Surely there is a HUGE design fault with the iphone itself. "You're holding it wrong" doesn't cut it when someone dies because they picked it up to answer it.

If there is so much voltage going into the phone, you'd think the phone itself would have been fried and stopped working.

dvb2000 said,
Surely there is a HUGE design fault with the iphone itself. "You're holding it wrong" doesn't cut it when someone dies because they picked it up to answer it.

If you basically put mains voltage directly into it and take a call then i'm pretty sure any manufacturer will tell you that you are on your own.

dvb2000 said,
Surely there is a HUGE design fault with the iphone itself. "You're holding it wrong" doesn't cut it when someone dies because they picked it up to answer it.

If there is so much voltage going into the phone, you'd think the phone itself would have been fried and stopped working.


Under various different legislation such as the Low Voltage Directive there is a very good reason why phones don't have internal protection from high voltage sources and that's because the LVD states you'd need to incorporate something the size of lunch box to protect the device.

Voltage operates as the pressure does in a water hose. AMPs measure the flow. Voltage doesn't push the amps. For example if you plug up the end of a water hose the pressure rises but you have no flow.

DeathByPenguin said,
Voltage pushes current.
As for Astra.Xtreme - Voltage doesn't cause a fuse to blow, current does.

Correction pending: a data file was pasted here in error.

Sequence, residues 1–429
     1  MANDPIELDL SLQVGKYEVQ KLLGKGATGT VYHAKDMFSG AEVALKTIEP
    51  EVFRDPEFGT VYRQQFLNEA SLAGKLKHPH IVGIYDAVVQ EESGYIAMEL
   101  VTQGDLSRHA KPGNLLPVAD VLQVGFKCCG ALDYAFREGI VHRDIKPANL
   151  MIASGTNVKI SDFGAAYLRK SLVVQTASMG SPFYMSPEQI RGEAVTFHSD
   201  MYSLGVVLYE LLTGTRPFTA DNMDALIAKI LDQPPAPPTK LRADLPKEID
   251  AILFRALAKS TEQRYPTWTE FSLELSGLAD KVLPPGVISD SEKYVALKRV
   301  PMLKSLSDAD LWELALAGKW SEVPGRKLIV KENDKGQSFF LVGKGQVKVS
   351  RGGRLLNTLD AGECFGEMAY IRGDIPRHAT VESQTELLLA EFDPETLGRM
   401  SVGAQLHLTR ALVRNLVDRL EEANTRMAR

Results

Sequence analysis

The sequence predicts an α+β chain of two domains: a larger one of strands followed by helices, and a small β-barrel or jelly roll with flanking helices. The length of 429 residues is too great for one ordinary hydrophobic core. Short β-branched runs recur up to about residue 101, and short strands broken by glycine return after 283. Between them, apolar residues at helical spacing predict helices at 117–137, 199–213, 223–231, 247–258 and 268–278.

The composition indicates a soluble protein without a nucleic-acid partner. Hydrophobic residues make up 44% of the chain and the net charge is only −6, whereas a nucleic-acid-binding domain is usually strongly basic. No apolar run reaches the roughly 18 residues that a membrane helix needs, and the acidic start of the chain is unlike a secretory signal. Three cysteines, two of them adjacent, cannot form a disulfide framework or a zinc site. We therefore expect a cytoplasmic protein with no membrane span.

I never said it did... And you clearly don't understand both the basics of electricity and the context of what happened with the phone charger...
The voltage regulator obviously failed, which then allowed higher current to flow due to the unregulated voltage. Current proportional to regulated 5V (at that resistance) isn't deadly, but current proportional to 220V unregulated is. It's a pretty simple concept.

DeathByPenguin said,
"Well there's no fuse in these chargers, so there's nothing that will detect if unregulated voltage" - I'll just leave that here

Learn to read...
"The voltage regulator obviously failed, which then allowed higher current to flow due to the unregulated voltage."

I'll leave it there...

DeathByPenguin said,
You still pretty much said that a fuse detects if there "unregulated voltage"

For a third for fourth time now, higher voltage allows for higher current to flow. Do you honestly not understand the context of the incident? When the voltage regulator fails, current rises. If there isn't a fuse (of some sort) in series with the flow, then nothing will stop it. I have no idea why you're so concerned with wording logistics when I've explained this to you multiple times now. If you don't have the capacity to understand, either crack open a text book or find something else to waste people's time on...

Firstly, you're actually talking to an electrician, so I do understand what you actually meant, but you STILL said it as if a fuse detects unregulated voltage, which it doesn't.

DeathByPenguin said,
Firstly, you're actually talking to an electrician, so I do understand what you actually meant, but you STILL said it as if a fuse detects unregulated voltage, which it doesn't.

Do I need to explain it a fifth time? The statement was put in simple terms since most people don't understand basic electricity theory. What I said wasn't wrong in this CONTEXT... And FYI, I'm an electrical engineer, so I also know what I'm talking about.